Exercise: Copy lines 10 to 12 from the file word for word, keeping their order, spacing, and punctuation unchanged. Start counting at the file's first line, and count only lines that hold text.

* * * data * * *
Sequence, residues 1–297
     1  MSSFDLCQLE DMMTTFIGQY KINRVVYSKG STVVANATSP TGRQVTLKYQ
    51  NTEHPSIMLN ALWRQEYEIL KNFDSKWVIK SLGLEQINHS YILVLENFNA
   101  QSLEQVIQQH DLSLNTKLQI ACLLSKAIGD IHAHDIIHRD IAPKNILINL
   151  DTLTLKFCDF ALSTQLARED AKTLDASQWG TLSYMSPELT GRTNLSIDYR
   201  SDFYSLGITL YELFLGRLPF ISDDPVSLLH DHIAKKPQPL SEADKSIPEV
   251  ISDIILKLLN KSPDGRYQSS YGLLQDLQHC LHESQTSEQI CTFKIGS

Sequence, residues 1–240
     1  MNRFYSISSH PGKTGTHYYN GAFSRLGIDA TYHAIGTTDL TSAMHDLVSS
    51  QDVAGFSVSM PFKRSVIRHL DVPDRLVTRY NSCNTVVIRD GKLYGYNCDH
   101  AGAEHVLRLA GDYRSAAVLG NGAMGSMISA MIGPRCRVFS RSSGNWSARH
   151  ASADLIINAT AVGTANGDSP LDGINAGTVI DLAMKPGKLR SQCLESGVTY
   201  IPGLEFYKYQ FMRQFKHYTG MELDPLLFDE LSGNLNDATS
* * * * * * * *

    51  QDVAGFSVSM PFKRSVIRHL DVPDRLVTRY NSCNTVVIRD GKLYGYNCDH
   101  AGAEHVLRLA GDYRSAAVLG NGAMGSMISA MIGPRCRVFS RSSGNWSARH
   151  ASADLIINAT AVGTANGDSP LDGINAGTVI DLAMKPGKLR SQCLESGVTY